When you use laundry detergent to get rid of a stain on a shirt, you are watching a catalyst in action during a chemical reaction. Detergents have enzymes, which are catalysts that break up dirt and other stains on clothing.
A catalyst is a substance that speeds up the rate of a chemical reaction. It provides an alternative pathway for the reaction to happen by lowering the activation energy of the reaction or by changing how the reaction happens. They can lower the energy of the transition state, so the overall activation energy needed for the reaction decreases, or they can alter the mechanisms of a reaction and thus change the transition state. Catalyst is not consumed during the reaction.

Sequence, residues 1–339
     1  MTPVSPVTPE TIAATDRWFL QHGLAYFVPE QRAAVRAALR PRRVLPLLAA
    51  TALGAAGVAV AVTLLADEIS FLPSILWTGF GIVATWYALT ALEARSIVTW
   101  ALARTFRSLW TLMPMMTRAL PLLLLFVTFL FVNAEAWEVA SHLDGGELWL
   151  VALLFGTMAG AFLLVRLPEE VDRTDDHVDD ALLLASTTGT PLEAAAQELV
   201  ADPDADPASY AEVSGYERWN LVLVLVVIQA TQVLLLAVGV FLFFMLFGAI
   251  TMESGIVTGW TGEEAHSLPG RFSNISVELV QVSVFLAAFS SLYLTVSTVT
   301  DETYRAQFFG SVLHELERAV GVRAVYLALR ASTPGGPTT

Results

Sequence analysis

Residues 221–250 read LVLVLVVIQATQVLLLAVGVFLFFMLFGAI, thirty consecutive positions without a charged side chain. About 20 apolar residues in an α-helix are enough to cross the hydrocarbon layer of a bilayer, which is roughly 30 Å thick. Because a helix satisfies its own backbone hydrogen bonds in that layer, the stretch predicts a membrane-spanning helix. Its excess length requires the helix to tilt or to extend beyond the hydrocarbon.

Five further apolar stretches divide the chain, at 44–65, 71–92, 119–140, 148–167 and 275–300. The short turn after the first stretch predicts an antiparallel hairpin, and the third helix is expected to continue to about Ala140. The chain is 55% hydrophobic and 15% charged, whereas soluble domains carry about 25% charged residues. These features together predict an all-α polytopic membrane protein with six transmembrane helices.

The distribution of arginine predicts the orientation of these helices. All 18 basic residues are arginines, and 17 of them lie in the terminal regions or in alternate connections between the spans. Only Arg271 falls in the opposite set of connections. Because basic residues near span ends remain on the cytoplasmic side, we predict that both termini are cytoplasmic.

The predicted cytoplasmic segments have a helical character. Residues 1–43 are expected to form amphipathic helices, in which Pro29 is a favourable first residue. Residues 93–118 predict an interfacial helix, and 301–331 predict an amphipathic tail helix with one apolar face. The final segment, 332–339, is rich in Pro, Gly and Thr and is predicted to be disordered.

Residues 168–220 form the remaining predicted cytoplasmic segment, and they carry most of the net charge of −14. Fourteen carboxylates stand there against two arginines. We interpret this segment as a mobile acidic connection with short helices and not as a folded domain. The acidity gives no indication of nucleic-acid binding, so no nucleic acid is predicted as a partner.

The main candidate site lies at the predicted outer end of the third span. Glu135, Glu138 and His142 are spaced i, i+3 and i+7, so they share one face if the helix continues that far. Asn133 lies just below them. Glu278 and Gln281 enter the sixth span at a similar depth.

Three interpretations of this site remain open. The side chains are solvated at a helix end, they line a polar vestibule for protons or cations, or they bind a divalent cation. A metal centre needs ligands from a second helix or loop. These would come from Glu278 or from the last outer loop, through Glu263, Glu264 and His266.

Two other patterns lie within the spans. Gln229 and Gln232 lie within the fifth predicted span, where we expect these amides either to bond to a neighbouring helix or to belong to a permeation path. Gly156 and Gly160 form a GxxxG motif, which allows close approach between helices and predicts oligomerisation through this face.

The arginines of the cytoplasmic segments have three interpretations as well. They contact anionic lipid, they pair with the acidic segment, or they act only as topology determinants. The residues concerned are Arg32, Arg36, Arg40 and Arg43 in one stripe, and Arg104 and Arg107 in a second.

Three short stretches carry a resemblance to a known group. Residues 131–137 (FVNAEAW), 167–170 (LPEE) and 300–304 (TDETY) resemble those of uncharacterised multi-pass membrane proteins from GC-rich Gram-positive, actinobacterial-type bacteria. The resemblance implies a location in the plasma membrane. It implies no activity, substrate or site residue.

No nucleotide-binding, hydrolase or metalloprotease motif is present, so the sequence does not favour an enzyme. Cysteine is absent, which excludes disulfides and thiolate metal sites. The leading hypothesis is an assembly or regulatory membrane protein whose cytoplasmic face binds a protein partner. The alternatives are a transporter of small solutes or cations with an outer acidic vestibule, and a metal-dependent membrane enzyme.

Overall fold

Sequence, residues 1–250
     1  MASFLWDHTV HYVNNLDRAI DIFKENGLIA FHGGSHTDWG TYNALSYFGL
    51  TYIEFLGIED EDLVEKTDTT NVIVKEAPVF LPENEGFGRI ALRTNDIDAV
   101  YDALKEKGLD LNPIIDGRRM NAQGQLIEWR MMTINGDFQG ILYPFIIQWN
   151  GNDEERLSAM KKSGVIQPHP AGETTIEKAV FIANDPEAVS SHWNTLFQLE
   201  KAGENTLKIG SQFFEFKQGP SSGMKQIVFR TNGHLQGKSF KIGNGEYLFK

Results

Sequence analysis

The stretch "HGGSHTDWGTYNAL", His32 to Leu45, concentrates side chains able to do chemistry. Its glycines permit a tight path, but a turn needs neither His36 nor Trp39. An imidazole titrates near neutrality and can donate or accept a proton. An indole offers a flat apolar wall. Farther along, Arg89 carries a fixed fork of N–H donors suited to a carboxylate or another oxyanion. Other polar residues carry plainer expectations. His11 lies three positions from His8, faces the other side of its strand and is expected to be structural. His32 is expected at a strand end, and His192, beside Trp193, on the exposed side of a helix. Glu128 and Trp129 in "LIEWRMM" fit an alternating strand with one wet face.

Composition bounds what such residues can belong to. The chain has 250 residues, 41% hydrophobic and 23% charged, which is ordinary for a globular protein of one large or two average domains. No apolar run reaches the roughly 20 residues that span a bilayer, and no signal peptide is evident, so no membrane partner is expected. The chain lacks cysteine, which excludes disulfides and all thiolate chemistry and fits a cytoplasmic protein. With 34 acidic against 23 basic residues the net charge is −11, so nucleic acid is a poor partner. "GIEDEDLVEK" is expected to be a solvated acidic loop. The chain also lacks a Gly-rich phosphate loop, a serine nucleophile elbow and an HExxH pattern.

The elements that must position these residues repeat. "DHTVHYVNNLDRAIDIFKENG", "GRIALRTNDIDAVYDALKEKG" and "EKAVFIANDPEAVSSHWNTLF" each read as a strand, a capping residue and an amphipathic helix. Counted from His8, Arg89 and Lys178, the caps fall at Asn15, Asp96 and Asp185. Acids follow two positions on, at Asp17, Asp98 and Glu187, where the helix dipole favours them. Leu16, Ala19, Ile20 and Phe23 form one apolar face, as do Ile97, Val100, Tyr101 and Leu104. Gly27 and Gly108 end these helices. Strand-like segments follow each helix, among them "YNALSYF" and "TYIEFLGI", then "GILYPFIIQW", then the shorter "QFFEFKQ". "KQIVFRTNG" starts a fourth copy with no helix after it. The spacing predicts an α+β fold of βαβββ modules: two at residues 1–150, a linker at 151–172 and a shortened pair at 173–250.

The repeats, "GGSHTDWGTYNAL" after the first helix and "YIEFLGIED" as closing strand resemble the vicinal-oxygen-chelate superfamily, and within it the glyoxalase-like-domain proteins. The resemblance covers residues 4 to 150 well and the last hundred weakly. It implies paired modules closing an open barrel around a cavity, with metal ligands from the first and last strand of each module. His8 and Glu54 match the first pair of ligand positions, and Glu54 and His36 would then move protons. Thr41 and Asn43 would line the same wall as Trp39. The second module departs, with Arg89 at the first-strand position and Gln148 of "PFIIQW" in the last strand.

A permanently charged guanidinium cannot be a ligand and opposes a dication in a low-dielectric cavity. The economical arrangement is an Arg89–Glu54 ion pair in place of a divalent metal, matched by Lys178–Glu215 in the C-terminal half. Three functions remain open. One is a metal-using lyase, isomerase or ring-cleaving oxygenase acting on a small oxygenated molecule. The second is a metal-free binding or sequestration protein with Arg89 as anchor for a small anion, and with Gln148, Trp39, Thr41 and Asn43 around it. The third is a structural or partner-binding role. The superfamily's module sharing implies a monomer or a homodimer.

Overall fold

With a helping hand from a catalyst, molecules that might take years to interact can now do so in seconds. Factories rely on catalysts to make everything from plastic to drugs. Catalysts help process petroleum and coal into liquid fuels. Natural catalysts in the body known as enzymes play important roles in digestion and more.
Types of Catalysts
Did you know you can use catalysts to produce Hydrogen? Which in turn can be used to obtain energy? Click here to find out how!
Catalysts are highly selective i.e., the catalyst doesn’t just speed up all reactions, but only a particular reaction. This is the key to many chemical transformations. When you only want to perform a particular chemical change, you look for a catalyst that will speed up that specific reaction but not others.
Enzymes are biological catalysts. They are proteins that fold into particular conformations such that they can help speed up particular biochemical reactions in the body. For biochemical reactions, the reactant is typically called the substrate.
We hope you have understood how catalysts work and its significance.